This will be yet another description of dotfiles management by some random person on the Internet. I will try to explain what my setup is like and why it is that way.

If you're not yet using version control software for your configuration files I strongly encourage you to start doing so, whichever way you like. These pages are good places to start:

My chosen approach

After several attempts that have spanned across many years I've understood that neither tracking home directory directly with Git nor symlinking all of the dotfiles from a single directory tree is working for me. Both ways lead to a mess in the repository and made the whole endeavor of tracking changes cognitively expensive, so I inevitably started slacking off.

I've looked at the existing tools that are meant to automate some of the process and did not find one that would suit all my needs. I've ended up writing a small shell script that takes care of dotfiles installation but the main value for me is in the repo layout, not the script itself.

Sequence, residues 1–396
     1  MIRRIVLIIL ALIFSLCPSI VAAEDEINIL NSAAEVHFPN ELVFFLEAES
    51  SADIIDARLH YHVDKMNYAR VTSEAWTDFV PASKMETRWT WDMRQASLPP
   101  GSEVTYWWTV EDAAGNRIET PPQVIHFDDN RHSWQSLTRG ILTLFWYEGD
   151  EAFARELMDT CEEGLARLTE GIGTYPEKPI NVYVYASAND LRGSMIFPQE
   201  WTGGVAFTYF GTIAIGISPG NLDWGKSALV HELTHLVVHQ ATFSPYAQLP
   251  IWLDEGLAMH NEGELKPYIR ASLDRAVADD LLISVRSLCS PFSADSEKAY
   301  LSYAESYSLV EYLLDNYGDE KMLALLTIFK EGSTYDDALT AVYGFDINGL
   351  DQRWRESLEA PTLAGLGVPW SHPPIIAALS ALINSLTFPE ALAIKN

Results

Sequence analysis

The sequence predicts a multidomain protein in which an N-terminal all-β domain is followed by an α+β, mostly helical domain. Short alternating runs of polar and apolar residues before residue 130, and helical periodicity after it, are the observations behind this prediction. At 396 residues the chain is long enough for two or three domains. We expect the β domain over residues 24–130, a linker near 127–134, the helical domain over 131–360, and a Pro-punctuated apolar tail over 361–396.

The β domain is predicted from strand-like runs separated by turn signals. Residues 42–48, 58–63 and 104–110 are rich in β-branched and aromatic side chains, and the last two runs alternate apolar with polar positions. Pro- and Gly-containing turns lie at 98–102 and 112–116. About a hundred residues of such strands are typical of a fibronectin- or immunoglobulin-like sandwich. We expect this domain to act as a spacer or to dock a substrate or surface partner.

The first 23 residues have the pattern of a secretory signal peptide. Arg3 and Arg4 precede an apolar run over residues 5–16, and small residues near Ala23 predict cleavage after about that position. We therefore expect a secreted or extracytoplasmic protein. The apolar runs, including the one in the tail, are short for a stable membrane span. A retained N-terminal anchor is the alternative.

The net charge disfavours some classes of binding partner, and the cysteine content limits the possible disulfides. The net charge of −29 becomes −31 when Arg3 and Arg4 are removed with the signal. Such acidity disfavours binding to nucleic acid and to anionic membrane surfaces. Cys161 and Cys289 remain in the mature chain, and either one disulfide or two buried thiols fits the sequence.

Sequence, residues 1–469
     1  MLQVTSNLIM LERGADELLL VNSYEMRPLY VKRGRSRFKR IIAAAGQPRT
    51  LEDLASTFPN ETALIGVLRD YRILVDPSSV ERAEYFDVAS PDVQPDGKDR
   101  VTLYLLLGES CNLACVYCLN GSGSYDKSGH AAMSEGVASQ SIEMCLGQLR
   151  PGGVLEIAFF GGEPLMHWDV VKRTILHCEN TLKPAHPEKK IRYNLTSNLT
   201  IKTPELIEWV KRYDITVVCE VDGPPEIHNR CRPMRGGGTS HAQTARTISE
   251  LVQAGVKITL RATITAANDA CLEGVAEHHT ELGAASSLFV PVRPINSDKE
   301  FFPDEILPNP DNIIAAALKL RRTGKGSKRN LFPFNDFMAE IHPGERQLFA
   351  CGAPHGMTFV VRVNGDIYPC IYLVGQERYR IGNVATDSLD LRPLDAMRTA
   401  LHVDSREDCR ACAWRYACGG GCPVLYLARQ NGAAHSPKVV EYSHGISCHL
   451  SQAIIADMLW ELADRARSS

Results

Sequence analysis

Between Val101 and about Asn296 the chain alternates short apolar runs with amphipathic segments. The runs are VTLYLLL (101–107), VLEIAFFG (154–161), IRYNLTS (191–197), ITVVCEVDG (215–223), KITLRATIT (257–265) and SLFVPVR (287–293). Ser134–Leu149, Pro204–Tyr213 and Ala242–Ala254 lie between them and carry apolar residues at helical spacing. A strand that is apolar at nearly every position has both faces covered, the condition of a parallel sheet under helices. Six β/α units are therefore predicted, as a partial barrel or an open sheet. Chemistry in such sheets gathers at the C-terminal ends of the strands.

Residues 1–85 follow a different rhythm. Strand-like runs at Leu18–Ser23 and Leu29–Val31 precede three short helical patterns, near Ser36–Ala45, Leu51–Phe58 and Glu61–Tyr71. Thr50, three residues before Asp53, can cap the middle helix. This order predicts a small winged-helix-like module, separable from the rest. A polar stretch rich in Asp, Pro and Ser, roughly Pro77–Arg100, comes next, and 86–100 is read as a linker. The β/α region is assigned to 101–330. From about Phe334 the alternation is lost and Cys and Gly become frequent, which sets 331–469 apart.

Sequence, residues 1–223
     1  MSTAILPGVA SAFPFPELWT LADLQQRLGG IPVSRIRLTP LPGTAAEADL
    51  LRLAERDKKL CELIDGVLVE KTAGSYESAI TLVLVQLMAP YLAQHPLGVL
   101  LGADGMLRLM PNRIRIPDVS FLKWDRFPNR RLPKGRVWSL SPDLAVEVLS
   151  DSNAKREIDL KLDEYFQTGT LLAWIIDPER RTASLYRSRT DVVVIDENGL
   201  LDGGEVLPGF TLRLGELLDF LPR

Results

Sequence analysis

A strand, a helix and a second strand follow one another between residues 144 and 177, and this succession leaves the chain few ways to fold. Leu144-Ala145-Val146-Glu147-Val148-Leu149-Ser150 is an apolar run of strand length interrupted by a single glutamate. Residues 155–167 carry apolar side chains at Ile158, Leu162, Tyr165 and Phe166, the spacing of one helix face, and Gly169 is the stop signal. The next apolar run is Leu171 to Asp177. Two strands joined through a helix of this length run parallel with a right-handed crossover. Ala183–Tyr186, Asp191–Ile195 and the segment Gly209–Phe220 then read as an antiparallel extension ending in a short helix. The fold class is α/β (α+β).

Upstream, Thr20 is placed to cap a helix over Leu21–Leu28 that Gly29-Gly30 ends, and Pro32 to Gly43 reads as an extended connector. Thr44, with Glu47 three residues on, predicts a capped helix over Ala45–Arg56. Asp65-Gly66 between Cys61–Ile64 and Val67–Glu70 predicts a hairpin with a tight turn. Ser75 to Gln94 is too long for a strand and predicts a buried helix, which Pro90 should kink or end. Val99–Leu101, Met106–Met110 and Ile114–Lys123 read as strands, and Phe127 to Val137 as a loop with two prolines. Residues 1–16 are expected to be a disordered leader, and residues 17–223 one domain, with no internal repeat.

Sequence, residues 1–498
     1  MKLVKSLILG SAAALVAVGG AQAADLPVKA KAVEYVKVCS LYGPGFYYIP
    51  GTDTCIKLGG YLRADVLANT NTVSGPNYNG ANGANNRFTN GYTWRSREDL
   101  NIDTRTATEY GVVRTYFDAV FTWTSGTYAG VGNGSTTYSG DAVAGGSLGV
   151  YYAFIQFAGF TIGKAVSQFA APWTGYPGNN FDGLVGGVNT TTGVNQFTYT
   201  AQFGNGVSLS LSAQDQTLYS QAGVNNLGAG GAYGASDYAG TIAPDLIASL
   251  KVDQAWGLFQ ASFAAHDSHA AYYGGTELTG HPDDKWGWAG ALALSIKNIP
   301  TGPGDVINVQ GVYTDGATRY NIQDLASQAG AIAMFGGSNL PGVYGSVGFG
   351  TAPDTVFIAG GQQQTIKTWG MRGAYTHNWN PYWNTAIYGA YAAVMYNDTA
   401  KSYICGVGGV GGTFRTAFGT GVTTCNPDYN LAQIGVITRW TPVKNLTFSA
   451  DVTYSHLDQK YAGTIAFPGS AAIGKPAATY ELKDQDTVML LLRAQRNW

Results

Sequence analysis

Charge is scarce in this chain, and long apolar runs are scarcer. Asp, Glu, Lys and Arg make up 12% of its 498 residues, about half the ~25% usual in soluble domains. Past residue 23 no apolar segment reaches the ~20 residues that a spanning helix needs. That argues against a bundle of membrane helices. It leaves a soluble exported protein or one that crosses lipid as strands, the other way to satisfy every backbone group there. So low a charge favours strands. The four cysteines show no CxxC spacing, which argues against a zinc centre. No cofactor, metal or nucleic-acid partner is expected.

All configuration files are grouped into directories by topic. These directories are somewhat similar to packages in GNU stow. Topic directories recreate the directory structure for the target location, by default $HOME. Files that are meant to be installed into target location have to contain an appropriate suffix at the end of filename (any other files are ignored):

Default behavior may be altered by a dotfiles.meta file placed into the topic directory. It is essentially a shell script that is being sourced during topic installation. Its main purpose is to provide alternative values for PREFIX and SCOPE variables:

Multiple topics may be installed at once either by providing all of their names as command line arguments or by listing them all in a text file and providing path to that file as an argument to the installation script.


More examples may be found in my dotfiles repo.

Comparison with existing tools